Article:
Tuesday, June 16, 2009

Ministry Musings: Size Matters

One of the reasons I love being Lutheran is our embrace of the priesthood of all believers, that notion that all of us are called to minister to our neighbor. In the church, ministry isn’t just done by the paid professionals (i.e. the pastor), but by all of us. Unfortunately, over time the church has abdicated the responsibility for ministry to the pastor, and in some occasions to lay staff. We see this especially when a congregation grows.

Experts who study how congregations function tell us that worshipping size of a congregation dramatically effects how a congregation needs to function. One of those dividing points comes around 150 people in worship, right about what we are averaging. Generally speaking the biggest changes as a worshipping community becomes a large congregation are the addition of staff to keep up with the changes and the shift in the pastors responsibilities to be more administrative.

What this means is that as a congregation grows a pastor will spend more time training and supervising ministry and less time doing hands on ministry. You can imagine the objections that arise as this happens (i.e. less personal time with the pastor, etc.). You may have raised them yourself. This can certainly be the downside of growth.

On the other hand this can be a real blessing that comes out of growth. To keep ministry happening more people are forced to get involved leading ministry that they were called to because they can no longer sit on the sidelines and wait for “pastor” to do it.

As we strive to grow as a worshiping community of Christ where are you getting involved with your call to ministry?

Sunday, June 14, 2009

Don't Eat the Marshmellow

Where do you need to work on delaying gratification? Where have seeds been planted and you need to wait for God to grow the seeds yet for the harvest?

Saturday, June 13, 2009

Changing the Conversation

At a recent church council meetings we've been talking about changing the entire culture of our congregation. We need to work on developing an atmosphere where we all realize that we live out our faith on a daily basis and don't just turn it over to the pastor and a few, select church leaders. We need to work on creating a climate where people are excited about their faith and willing to talk about it.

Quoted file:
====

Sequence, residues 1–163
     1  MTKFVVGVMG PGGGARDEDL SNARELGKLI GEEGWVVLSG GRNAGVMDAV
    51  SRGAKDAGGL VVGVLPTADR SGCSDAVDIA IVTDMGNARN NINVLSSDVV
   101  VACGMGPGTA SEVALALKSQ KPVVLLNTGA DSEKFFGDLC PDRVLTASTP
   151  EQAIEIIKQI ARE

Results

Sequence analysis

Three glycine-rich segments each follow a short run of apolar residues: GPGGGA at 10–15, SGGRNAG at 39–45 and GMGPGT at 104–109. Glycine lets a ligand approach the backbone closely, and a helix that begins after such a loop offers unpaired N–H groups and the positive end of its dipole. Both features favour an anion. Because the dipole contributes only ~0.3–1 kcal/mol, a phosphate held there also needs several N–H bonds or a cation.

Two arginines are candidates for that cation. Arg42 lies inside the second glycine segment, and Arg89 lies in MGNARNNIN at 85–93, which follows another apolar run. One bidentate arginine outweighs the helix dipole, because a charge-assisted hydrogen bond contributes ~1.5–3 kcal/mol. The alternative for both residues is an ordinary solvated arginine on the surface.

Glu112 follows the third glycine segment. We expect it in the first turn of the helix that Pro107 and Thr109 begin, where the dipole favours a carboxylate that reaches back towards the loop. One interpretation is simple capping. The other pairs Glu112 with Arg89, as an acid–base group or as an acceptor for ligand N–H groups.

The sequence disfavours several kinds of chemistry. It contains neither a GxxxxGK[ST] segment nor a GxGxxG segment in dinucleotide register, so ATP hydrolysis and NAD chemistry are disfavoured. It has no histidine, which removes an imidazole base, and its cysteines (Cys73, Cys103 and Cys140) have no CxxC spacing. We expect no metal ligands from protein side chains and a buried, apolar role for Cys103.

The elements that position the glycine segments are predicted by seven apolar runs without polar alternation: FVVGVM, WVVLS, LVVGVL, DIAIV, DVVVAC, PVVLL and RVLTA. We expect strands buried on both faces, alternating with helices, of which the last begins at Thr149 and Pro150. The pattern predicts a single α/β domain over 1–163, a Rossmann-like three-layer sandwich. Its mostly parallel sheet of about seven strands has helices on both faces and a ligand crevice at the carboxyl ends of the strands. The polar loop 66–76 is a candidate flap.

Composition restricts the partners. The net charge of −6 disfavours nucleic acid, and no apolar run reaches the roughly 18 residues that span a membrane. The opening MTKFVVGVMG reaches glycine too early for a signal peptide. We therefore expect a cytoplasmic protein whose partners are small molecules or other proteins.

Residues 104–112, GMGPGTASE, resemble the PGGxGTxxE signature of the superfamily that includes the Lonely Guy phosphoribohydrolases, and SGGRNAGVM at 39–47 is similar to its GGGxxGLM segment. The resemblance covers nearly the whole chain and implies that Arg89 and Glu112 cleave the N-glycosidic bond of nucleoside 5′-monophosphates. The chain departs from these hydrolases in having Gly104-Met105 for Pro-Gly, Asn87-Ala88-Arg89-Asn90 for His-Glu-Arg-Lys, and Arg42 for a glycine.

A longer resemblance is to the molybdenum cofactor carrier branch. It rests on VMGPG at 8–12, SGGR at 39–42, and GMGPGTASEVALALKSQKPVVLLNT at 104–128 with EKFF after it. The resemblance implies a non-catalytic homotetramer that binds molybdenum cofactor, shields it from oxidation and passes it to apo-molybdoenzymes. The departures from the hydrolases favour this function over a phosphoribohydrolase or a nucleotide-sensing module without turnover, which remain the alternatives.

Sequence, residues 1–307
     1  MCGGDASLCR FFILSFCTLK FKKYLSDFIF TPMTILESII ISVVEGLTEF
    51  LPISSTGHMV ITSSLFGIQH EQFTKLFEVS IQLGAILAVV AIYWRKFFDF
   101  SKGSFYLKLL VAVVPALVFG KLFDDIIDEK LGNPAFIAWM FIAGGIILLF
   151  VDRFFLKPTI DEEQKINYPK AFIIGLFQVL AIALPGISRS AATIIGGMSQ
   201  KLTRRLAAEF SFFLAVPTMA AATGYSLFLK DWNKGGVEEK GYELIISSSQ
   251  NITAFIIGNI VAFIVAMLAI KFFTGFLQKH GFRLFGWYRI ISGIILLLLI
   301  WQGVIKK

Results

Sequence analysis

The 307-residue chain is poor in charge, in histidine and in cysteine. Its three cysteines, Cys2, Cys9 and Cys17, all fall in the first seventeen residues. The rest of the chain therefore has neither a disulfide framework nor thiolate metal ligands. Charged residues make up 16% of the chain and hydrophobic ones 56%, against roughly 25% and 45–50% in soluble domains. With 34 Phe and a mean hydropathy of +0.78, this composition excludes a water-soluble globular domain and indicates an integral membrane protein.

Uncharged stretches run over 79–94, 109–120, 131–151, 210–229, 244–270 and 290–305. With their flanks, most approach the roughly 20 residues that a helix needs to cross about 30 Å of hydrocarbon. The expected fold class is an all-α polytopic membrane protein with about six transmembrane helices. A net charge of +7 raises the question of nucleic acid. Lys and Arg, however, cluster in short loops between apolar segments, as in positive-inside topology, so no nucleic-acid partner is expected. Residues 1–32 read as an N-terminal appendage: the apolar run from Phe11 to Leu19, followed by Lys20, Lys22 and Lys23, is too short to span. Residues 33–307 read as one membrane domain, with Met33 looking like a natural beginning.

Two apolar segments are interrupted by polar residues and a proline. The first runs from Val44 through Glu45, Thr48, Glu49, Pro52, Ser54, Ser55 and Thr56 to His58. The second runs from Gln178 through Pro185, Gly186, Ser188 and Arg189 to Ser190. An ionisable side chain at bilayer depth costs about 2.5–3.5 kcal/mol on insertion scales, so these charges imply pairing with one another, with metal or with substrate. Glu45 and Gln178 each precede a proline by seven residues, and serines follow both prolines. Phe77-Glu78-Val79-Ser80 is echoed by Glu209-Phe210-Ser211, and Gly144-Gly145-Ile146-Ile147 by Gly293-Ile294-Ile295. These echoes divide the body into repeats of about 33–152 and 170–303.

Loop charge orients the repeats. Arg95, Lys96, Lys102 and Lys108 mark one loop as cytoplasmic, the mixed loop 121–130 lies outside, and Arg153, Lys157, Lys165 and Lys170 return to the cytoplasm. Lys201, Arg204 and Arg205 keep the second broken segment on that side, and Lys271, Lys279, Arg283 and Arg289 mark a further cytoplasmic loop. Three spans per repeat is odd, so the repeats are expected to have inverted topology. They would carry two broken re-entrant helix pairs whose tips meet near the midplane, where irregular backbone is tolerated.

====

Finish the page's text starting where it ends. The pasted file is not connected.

During one of these conversations I floated the idea of approaching conversations with friends just slightly. Instead of asking people how their week was why not ask something like, "Where was God at work in your life this week?" Instead of asking what they have coming up this week why not ask something like, "How can I be praying for you this week?" I wonder what difference it might make if we all starting asking such questions. It seems to me, by shifting the focus of the question we are reminded of the presence of God in our daily life and it can serve as a reminder of faith being lived out on a daily basis and not just on Sunday. Perhaps we should try and experiment.

Friday, June 12, 2009

Line of Vision

Those of you who have been around me recently know that I think my son is the most amazing child ever. However, from time to time I find myself wishing he would look up at me more. It seems looking down is a lot more exciting. I think it's because he can see himself, see what he's propped up on, and far more likely to find something he can grab and shove in his mouth. I think it's interesting that this is our natural instinct (including shoving our foot in our mouth) for most of us as babies.

As we were sitting out on the grass the other day and I was trying to get his attention it struck me that spiritually we are often the same way. We focus down on ourselves, where we are at or where we have been, and looking around for things we can get our hands on. Meanwhile we could change our line of vision and look up into the face of our heavenly father. I wonder why we don't do that more? I think I need to remember to give that a try.

Saturday, June 06, 2009

Worship Attendance

We recently got to talking about worship attendance around here. It was noted that part of the struggle is that we lead such terribly busy lives that we desire down time. Often, that means in the summer we sleep in or spend time away at the cabin. I think I can totally understand that.